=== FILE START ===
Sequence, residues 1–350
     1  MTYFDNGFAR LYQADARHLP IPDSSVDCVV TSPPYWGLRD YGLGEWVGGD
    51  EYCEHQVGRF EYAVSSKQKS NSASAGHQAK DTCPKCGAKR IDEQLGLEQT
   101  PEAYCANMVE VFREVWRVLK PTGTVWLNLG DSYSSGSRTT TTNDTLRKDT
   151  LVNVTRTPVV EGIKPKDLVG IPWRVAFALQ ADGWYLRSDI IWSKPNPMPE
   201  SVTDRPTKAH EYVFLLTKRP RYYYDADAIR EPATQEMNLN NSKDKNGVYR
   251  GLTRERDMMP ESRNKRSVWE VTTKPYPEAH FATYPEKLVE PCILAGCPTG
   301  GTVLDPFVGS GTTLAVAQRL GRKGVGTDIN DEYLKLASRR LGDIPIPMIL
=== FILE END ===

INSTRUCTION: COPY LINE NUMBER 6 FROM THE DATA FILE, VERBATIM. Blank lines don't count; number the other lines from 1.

   201  SVTDRPTKAH EYVFLLTKRP RYYYDADAIR EPATQEMNLN NSKDKNGVYR